Thursday, November 19, 2009

Forth Smith museum includes a multitude of Indians

Fort Smith includes a multitude of Indians

Belle Starr's saddle is on display at the Fort Smith Museum of History

FORT SMITH, Ark. — Just when we thought we had seen it all, we would turn a corner and find something else to admire or to teach us about our country’s history.
         Carla, my wife and fellow history buff, and I had stopped at the Fort Smith Museum of History in Arkansas, another of those museums resembling a giant attic with tools, weapons and household items from each major period of the city’s history. A collection of early tools was especially good.
         The exhibits cover western Arkansas history from the early American Indian settlements to the present. Besides the American Indian stone tools and weapons, there is a small statue from the Mayan culture that must have come to this area through trading.
         American Indians were well-established in the area, and the exhibits pay attention to the problems of removing them from what they saw as their home territory. The white settlers called it “voluntary” removal.
The whole process was complicated by the flood of American Indians from the southeastern United States. The tribes involved were Cherokee, Choctaw, Creek, Chickasaw and Seminole. Brought into western Arkansas over the Trail of Tears in 1820, these tribes were then pushed into what is now Oklahoma.
Initially Fort Smith served as a supply depot for American Indians, but in 1824 the Army moved out and trading posts and farmers moved in. The soil was rich — “too rich for Indians” in some people’s minds.
The area also became a center for illegal whiskey peddling. Because of jurisdictional problems, lawbreakers went into Indian Territory, where they would be beyond the reach of U.S. and state courts.
         To help solve the problems caused by this outlaw territory, a federal court was established at Fort Smith in 1871, presided over by Judge Isaac Parker, the “hanging judge.” This museum has his original courtroom furniture. The Fort Smith National Historic Site, just down the street, houses the original room where the court was held and has copies of the furniture.
        During the Civil War, western Arkansas was under Union control, but despite this protection, the area was devastated. Small displays feature Civil War artifacts.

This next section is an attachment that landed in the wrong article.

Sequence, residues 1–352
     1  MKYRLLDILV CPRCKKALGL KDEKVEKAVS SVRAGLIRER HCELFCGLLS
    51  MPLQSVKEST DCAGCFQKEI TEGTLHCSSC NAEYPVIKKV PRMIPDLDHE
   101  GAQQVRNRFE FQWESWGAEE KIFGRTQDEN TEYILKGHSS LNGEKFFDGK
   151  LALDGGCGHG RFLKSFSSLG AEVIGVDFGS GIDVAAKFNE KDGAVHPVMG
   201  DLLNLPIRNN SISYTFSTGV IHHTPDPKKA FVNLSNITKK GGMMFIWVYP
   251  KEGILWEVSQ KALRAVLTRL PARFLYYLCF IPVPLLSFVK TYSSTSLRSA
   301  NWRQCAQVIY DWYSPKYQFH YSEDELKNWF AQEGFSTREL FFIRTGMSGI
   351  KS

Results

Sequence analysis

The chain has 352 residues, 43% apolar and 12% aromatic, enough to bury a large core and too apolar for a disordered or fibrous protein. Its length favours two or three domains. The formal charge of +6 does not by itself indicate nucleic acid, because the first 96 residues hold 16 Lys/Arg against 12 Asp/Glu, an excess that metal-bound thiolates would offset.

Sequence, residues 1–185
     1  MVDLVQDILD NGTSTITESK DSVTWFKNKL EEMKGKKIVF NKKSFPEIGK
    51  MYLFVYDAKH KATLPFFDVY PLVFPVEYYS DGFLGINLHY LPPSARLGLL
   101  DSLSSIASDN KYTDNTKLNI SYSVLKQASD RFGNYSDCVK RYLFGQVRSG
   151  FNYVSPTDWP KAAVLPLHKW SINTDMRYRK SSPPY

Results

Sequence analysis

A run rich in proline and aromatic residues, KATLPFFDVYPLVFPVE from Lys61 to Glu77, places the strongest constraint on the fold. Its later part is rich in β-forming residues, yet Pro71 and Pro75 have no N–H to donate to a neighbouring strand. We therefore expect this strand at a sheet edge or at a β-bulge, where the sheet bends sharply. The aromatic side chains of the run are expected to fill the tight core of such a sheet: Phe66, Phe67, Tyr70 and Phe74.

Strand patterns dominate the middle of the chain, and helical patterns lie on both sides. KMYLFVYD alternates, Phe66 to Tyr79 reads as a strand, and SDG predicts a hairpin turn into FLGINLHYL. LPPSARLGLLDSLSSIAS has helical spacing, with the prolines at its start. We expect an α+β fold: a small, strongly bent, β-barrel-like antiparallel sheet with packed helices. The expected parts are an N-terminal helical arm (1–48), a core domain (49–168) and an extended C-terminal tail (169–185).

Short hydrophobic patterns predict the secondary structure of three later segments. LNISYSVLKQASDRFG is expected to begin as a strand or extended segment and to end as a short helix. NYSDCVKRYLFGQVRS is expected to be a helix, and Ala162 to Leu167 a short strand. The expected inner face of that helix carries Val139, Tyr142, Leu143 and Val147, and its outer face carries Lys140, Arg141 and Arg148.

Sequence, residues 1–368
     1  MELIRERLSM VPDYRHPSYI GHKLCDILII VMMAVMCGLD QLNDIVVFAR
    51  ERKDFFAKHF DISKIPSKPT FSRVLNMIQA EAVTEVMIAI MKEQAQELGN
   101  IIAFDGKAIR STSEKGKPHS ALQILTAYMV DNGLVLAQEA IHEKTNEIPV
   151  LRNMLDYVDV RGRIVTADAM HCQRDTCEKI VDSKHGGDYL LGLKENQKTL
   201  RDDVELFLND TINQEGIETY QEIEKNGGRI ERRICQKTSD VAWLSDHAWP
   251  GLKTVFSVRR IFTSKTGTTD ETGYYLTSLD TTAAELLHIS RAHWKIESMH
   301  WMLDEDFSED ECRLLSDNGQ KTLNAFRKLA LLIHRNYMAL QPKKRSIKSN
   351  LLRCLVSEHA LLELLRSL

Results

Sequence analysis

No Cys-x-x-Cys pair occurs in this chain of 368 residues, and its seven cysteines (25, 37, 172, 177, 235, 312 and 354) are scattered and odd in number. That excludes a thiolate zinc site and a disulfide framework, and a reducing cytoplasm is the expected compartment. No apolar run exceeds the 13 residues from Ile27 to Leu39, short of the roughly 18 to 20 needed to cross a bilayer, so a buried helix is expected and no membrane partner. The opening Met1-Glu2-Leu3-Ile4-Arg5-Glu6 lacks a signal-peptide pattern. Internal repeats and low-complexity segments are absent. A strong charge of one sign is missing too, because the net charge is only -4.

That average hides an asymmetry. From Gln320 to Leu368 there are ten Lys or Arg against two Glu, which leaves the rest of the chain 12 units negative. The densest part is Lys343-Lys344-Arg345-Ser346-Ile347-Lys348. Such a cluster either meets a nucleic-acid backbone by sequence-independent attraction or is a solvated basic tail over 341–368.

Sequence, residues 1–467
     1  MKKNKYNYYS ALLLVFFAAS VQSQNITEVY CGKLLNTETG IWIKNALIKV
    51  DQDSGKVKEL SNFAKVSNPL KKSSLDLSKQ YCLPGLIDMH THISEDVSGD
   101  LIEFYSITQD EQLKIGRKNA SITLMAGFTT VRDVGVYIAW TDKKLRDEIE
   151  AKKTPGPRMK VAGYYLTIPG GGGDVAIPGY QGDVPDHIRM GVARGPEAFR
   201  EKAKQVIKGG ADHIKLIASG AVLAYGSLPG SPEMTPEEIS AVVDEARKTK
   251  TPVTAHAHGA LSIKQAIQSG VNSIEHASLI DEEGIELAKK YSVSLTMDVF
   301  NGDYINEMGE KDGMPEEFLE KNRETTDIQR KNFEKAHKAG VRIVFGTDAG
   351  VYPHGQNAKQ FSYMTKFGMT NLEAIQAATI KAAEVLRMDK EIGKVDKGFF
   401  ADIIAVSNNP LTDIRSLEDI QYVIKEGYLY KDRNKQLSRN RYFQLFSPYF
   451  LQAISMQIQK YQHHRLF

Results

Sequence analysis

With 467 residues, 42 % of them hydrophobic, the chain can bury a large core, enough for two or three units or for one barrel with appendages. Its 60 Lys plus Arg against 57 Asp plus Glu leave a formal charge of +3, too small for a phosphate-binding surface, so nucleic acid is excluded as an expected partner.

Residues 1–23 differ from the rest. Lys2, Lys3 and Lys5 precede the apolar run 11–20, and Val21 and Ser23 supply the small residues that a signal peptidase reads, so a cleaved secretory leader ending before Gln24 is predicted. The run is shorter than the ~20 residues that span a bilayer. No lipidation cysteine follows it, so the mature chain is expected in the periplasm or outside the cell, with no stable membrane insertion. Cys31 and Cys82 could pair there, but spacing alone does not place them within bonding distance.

Belle Starr’s sidesaddle also is prominently displayed. Most stories about her are exaggerations or are untrue. She came from a good family and was well-educated, having studied Greek, Latin, music and etiquette.
        She successfully raised, sold and bred horses. Her main offense was fencing stolen horses for some of her outlaw friends. She was found guilty of horse stealing and sent to prison in Detroit, where she was murdered at the age of 41. Her killer was never found. Her daughter, Pearl, later became a Fort Smith madam.
         Furniture, clothes and other artifacts are on display from the Victorian era and from World War I and World War II. The community is proud of William O. Darby, who started the Army Rangers in World War II as a companion group to the British commandos. One room displays pictures, uniforms, weapons and news stories from his life. He was wounded three times, decorated 10 times and was eventually killed in Italy a day before all Germans in Italy surrendered. At the time, papers promoting him to the rank of brigadier general were being processed.
        We tried to take the walking tour of the refurbished houses in the Fort Smith Old District, but neither of us is enthusiastic about older houses unless they have a ghost story or someone around to tell us about the people who once lived there. So we moved to our next stop, Van Buren, which had received good notices in the local literature. It is noted for its train excursions in the Ozark Mountains. The trains run from April through September, but because we were there in February, we didn’t get a chance to experience it.